More tests at shelters and on the streets paints a clearer picture of COVID-19 among the homeless

“We’re not seeing a super high level of COVID. Which is great,” said the Salvation Army’s Kristen Baluyot.

The Salvation Army's homeless shelter on 48th Avenue in Northeast Park Hill. May 15, 2020. (Kevin J. Beaty/Denverite)

The Salvation Army's homeless shelter on 48th Avenue in Northeast Park Hill. May 15, 2020. (Kevin J. Beaty/Denverite)

Donna Bryson. (Kevin J. Beaty/Denverite)

Early results from COVID-19 testing of people experiencing homelessness had raised fears about the extent of the spread of the coronavirus among an especially vulnerable population.

But as more and more tests came back, it became clear those fears were unfounded.

“We’ve done a lot of testing in the larger shelters,” said Kristen Baluyot, the Salvation Army’s Denver metro social services director. “We’re not seeing a super high level of COVID. Which is great.”

Work had already begun to transform a shelter that the Salvation Army had been running near 48th Avenue and Colorado Boulevard into a 200-bed shelter for people who have the coronavirus but show no symptoms. Baluyot said fewer than 100 people fit that category and they can be accommodated in hotel rooms the city has been acquiring for people experiencing homelessness.

Early last month, the Colorado Coalition for the Homeless, which has provided much of the coronavirus testing in Denver for people experiencing homelessness, conducted a pilot study of 52 people at the St. Francis Center day shelter in Five Points. About 19 percent of the tests came back positive for the coronavirus. Later in May, the city health department tested 78 people at the 48th Avenue facility, and about 18 percent tested positive.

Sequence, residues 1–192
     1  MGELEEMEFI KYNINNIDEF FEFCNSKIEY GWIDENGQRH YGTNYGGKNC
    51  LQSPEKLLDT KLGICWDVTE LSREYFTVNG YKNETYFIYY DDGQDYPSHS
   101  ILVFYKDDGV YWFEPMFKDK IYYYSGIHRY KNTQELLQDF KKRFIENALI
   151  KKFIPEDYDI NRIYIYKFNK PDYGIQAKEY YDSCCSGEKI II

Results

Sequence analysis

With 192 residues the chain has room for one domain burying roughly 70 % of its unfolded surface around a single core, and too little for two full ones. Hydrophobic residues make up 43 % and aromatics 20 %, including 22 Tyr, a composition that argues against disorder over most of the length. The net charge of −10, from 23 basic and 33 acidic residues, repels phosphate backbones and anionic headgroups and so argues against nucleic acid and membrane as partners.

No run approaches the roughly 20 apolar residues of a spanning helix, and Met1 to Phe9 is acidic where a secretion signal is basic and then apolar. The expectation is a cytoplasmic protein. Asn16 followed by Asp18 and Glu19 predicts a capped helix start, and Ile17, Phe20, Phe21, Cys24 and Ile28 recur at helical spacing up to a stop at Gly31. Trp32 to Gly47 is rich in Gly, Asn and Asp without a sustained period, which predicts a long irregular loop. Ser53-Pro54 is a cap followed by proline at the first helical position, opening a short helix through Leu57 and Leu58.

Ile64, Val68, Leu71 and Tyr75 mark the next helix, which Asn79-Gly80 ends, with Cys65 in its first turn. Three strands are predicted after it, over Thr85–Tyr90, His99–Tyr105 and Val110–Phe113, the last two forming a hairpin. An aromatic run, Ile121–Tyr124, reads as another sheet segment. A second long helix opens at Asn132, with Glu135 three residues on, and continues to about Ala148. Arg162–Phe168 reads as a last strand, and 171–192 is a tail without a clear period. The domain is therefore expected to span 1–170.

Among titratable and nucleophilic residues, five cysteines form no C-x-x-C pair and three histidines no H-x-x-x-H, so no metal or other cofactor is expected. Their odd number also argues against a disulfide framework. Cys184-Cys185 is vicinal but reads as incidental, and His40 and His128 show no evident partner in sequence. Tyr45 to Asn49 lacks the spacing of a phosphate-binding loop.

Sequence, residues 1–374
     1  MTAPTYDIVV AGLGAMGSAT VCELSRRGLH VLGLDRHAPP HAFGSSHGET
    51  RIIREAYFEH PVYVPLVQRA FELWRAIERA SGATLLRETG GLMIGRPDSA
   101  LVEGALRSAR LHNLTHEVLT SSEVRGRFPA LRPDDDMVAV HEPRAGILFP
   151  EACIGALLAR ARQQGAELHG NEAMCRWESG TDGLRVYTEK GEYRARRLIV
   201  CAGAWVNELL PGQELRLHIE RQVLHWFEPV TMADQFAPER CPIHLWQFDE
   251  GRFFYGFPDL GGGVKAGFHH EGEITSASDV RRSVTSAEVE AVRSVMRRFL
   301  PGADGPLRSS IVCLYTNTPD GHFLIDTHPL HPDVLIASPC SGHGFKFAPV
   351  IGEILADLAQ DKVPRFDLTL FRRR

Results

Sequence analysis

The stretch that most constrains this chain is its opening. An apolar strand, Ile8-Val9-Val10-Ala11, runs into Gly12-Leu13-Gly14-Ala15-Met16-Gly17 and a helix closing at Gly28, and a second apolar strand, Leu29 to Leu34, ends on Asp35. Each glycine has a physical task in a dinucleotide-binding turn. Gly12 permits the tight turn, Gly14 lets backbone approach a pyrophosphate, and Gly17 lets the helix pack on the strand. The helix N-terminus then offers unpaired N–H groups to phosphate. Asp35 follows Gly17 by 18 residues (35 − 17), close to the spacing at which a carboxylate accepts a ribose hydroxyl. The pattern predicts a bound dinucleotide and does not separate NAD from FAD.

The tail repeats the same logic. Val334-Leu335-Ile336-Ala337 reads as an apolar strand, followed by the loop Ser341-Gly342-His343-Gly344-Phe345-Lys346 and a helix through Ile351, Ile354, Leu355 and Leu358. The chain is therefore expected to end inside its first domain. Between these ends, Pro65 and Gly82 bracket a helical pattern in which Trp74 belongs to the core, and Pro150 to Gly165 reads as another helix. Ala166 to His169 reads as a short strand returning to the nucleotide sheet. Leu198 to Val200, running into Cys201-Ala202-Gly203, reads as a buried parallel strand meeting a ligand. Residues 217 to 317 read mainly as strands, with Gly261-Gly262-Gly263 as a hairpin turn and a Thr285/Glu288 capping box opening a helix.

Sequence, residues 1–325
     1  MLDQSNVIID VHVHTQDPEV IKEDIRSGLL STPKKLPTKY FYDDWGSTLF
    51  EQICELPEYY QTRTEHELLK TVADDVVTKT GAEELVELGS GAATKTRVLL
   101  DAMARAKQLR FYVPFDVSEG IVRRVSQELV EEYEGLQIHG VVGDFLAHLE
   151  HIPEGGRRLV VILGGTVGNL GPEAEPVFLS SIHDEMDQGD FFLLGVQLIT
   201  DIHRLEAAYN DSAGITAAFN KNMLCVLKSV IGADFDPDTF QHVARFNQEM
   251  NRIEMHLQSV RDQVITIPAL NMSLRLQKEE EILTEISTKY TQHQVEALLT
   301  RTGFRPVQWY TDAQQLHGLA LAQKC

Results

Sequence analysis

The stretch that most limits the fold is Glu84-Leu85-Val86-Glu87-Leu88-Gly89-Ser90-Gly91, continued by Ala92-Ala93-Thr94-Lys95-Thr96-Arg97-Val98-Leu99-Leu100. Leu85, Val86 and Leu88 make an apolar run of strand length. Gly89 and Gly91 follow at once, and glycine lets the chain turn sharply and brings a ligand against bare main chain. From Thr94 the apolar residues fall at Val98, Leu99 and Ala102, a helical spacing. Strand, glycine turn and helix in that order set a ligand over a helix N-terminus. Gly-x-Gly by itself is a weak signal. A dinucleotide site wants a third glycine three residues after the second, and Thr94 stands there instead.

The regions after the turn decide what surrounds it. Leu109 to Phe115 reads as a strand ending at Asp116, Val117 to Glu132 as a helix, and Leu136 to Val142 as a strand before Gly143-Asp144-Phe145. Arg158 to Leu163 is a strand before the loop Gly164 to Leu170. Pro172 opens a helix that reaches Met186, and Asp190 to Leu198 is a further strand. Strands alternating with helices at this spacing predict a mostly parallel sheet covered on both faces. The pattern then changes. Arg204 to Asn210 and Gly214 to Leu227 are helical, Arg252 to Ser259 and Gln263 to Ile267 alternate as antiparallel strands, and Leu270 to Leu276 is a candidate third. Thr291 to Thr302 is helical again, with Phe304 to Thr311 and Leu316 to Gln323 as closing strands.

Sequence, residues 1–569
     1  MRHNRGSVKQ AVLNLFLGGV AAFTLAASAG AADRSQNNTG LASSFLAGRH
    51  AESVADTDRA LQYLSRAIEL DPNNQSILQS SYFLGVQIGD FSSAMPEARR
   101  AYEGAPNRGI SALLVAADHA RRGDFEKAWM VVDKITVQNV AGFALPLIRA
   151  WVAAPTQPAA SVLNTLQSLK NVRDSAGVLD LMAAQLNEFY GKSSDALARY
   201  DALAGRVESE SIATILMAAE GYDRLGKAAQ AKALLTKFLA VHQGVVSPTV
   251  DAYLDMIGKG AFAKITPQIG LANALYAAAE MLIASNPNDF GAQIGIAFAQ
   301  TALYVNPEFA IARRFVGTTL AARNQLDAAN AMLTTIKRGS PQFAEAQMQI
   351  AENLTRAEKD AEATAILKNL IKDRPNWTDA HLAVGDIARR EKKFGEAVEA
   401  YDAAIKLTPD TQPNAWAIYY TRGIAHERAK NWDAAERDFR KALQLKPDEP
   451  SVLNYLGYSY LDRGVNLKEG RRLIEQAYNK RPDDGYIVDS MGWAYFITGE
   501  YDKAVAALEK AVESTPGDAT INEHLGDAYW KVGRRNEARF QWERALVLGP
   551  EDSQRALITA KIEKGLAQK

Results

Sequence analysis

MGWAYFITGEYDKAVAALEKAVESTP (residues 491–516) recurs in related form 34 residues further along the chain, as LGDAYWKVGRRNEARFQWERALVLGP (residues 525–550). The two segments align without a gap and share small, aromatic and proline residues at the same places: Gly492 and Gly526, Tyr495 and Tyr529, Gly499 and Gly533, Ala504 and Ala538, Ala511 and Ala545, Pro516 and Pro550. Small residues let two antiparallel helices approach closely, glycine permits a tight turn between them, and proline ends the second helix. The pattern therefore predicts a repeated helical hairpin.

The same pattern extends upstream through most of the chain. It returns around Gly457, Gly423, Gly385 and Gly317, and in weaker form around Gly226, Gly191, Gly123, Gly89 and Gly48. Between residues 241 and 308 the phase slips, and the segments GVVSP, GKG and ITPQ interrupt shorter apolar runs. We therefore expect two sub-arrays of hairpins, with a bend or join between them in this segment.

“That’s why we thought, ‘Oh, this is going to be high,'” Baluyot said. That was when providers and the city started making plan to turn the 48th Avenue facility into a COVID-19 shelter.

Then only six positive results came back after more recent testing of 150 men at the Salvation Army’s Crossroads shelter, Baluyot said. She said similarly low positive rates have been found in testing at the Coliseum and the National Western Complex, where large shelters were created after the pandemic reached Denver.

Last week, in the first such testing effort among people living in encampments, the Colorado Coalition for the Homeless worked with Denver Public Health and the Denver Department of Public Health and Environment to test 50 volunteers, whether they exhibited symptoms of a respiratory disease or not, at the corner of Stout and 22nd streets. None of those tested were found to be positive.

Baluyot said shelter providers have been able to ensure social distancing, in part because of the opening of the Coliseum and the National Western facilities. Other precautions, such as frequent cleaning and switching from cafeteria-style dining to distributing meals pre-packaged in boxes or sacks also have been taken in an effort to stop the spread of the coronavirus.

“We all feel somewhat relieved that we are making a difference,” Baluyot said.

Following the pilot testing at the 48th Avenue facility, it was closed and work began on turning it into a COVID-19 shelter. Renovations included outfitting the building for WiFi and installing more ramps to improve accessibility. Baluyot said those changes will still be useful. The facility will be reopened in coming months as a 24-hour, seven-day-a-week shelter run by the Denver Rescue Mission, she said.

People experience homelessness often have weakened immune symptoms because of their living conditions. In addition, many are older and have other health concerns that put them at greater risk of suffering the worst effects of COVID-19.

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